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10 Apr 2016

Andriessen's De Materie at the Park Avenue Armory

"The large measure of formalism which forms the basis of De Materie does not in itself offer any guarantee that the work will be beautiful," says Dutch composer Louis Andriessen of his four-movement opera.

De Materie in Manhattan

A review by Rebecca Lentjes

All photos copyright Stephanie Berger, courtesy of the Park Avenue Armory


The opera, composed in 1985-1988, received its North American stage première in March 2016 at the Park Avenue Armory. Indeed, there were moments of the music that were stereotypically unbeautiful, particularly during the hammered clangor of the first movement. This opera does not make for "easy listening". But these moments, challenging the ear and mind of the listener, are beautiful, at least in the Marxist sense of the word, illustrating the rhythms and realism of human existence as they jolt us out of futile reveries and delusions of myth. This production of De Materie, directed brilliantly by Heiner Goebbels, was surprising in many respects (and, yes, I'll get to the sheep). Yet it was Andriessen's music, performed in all its miraculous starkness by the International Contemporary Ensemble, that elevated the performance to what will surely be remembered as one of the top cultural events of the year.


The first movement, intended as an evocation of the Dutch seventeenth-century ship-building industry, opens with the same brutally loud, metallic chord repeated 144 times in the brass and percussion. In De Materie Andriessen turns minimalism on its head in the same vein of his 1975 Workers' Union, which is scored for "any loud-sounding group of instruments"; repetition and process music get melted down into something more earthy and dissonant. The sounds were made even more elemental and unexpected by their sources' location; the musicians were partially obscured from the audience but must have been steered with precision by conductor Peter Rundel. The brash bangs and clangs contrasted bitingly with the human voices interspersed as Chorwerk Ruhr began singing from a balcony. These sounds were juxtaposed with the elegant visuals of Florence von Gerkan's costumes and Klaus Grünberg's stage and lighting design: glowing tents arranged like a checkerboard along the enormous black stage of the Park Avenue Armory; likewise glowing blimps floated languidly overhead. Occasionally the text of the vocals would appear in wavering font along the side of a tent or blimp. However, this wasn't a narrative meant to be followed linearly but rather glimpsed in momentary bursts, through the cacophony and confusion.

Throughout the second, third, and fourth movements, sharply defined musical moods were likewise paired with abstract, sleek visuals and Goebbels' continually startling direction. During the second movement, a stunning 25-minute long aria was sung by soprano Evgeniya Sotnikova in the role of 13th-century mystic poetess Hadewych. As she sang, her face frequently obscured by her dark robe, a procession of rectangular-costumed figures bowed and posed and held their bodies in contorted positions, scattered throughout a checkerboard of pews. Occasionally their positions would change; at one point a burbling bassoon interrupted the legato vocals and strings. The next movement—a scherzo to the second movement's adagio—featured a team of dancers choreographed by Florian Bilbao, including boogie-woogie soloists Gauthier Dedieu and Niklas Taffner. Jazzy, pointillistic music was here paired with a Mondrianesque acrobat show, visually centered around a pendulum and the color blocks (red, yellow, blue, black, white) associated with the early twentieth-century visual art movement De Stijl. The frenzied dancing continued; the musicians' platform rotated across the stage; and finally, 100 Pennsylvanian sheep made their way onto the stage.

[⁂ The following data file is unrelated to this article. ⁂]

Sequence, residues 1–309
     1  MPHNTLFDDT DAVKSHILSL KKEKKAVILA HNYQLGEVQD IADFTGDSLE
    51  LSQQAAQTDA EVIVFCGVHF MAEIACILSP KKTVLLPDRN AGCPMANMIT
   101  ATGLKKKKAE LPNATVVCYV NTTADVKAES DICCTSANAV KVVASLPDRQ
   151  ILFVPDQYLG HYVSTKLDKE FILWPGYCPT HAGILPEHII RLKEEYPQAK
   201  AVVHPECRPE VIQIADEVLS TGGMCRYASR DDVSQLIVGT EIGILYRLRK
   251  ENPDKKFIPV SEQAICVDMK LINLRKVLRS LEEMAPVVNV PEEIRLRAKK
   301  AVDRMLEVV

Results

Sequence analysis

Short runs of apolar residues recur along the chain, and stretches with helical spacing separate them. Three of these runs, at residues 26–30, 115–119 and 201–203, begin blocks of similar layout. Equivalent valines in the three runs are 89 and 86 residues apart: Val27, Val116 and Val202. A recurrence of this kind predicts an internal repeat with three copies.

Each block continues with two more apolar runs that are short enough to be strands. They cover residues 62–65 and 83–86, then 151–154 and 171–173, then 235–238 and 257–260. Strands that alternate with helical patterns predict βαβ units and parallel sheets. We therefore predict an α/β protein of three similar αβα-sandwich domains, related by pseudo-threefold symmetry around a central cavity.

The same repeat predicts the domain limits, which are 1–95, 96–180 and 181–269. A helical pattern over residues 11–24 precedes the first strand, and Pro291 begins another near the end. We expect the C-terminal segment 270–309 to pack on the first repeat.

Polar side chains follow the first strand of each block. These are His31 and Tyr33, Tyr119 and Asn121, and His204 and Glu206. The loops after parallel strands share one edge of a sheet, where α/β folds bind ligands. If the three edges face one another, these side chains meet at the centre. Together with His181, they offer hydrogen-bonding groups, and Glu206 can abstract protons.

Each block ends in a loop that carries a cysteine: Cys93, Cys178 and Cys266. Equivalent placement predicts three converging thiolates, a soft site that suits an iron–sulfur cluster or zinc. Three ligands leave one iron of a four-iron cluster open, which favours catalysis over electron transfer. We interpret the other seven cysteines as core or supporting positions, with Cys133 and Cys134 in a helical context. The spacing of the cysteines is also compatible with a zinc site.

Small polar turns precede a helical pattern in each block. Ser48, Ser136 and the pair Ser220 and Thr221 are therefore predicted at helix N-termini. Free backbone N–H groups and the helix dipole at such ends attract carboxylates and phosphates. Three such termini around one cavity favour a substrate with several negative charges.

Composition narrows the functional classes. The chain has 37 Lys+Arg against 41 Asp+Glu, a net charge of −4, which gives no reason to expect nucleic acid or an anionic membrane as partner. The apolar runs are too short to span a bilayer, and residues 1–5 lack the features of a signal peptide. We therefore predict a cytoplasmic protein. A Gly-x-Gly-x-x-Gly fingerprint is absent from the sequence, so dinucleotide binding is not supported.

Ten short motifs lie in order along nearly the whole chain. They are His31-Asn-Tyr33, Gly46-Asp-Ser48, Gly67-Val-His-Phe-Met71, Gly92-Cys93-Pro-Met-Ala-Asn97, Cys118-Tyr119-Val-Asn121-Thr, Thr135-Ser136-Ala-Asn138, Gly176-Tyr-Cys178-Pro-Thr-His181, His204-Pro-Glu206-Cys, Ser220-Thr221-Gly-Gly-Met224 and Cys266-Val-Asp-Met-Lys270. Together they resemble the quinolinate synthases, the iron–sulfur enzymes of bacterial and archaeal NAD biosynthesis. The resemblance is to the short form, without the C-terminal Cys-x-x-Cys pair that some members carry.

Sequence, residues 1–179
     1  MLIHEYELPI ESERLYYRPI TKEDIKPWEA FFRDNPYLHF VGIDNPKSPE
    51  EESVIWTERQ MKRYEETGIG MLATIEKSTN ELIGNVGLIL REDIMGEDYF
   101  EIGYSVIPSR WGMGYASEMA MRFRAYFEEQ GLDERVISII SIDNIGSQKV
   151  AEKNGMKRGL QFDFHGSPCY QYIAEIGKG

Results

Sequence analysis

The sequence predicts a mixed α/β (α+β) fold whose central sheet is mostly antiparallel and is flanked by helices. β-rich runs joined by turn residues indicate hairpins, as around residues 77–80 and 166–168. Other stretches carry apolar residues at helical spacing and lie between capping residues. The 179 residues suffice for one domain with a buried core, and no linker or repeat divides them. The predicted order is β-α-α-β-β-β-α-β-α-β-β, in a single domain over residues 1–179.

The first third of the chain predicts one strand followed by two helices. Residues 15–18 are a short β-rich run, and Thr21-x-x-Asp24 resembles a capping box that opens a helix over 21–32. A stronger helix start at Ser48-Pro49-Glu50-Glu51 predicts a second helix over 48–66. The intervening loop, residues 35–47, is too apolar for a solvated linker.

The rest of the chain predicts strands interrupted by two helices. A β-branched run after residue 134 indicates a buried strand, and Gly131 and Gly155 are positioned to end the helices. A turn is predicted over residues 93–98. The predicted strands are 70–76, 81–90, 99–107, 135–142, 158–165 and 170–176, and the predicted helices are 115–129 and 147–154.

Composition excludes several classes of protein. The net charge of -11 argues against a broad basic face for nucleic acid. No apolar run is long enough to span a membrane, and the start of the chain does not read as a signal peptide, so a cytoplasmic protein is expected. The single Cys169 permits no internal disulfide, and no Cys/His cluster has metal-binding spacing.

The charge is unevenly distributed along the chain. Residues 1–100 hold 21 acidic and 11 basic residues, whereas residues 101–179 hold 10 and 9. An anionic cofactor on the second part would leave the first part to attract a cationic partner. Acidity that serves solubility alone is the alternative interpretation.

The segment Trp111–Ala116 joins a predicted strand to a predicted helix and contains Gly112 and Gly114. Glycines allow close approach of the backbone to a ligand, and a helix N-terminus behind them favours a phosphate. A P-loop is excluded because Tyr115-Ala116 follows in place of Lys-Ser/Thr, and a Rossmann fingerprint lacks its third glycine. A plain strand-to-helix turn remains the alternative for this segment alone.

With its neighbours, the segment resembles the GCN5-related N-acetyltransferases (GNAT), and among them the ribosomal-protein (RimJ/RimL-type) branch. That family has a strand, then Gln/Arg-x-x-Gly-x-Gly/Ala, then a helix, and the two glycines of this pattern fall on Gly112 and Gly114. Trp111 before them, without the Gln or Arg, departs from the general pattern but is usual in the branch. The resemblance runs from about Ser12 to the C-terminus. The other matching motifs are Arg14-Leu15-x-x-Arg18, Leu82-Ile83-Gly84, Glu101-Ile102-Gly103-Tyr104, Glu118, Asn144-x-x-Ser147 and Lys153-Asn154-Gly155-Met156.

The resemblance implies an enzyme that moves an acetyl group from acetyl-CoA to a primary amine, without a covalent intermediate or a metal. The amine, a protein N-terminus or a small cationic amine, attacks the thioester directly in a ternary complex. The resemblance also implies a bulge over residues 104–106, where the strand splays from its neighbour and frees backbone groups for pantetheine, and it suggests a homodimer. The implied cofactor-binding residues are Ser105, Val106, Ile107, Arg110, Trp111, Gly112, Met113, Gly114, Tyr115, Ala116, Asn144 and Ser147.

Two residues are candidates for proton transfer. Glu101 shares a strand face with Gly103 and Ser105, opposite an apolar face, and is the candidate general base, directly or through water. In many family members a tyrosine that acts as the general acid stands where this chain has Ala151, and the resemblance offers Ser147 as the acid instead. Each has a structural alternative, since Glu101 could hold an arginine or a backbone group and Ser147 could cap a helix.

The fourth movement was a bit anti-climactic; I had heard about the sheep but couldn't discern their purpose, other than to make the final 25 minutes of the opera somewhat awkward and smelly. Audience members coughed and buried their noses in their sleeves; I don't envy whoever's job it was to clear the stage of sheep excrement in between performances. As the sheep followed each other around the stage, occasionally eliciting a humorous "baa!", the final portrait began. Dancer Catherine Milliken read out Marie Curie's regretful reminiscences, first accompanied by simple, repeated chords from the percussion and then by silence. She continued reading aloud, both from Curie's diaries and from her Nobel Prize acceptance speech, as a group of silent men filed into the performance space, in a visual echo of the sheep. Eventually, the percussion crescendoed on a recurring metallic tone; the opera, quite suddenly, was over. I thought surely I had missed something. What were the sheep there for—as a further commentary on the state of humanity? Another tile in the mosaic of Dutch culture and history? The entire fourth movement felt contrived, not to mention confusing. And yet, it seemed so far from reality as to negatively illustrate reality, bringing about what Goebbels laid out as his goal in the program note: "art, and theater too, should not imitate reality nor represent it, but it should insist on the difference to empirical reality." Andriessen's opera—and Goebbels's production of it—is extraordinary in its illumination of the chasm between art and reality, the instability of matter and of spirit, and the beauty of ugliness.

Rebecca Lentjes

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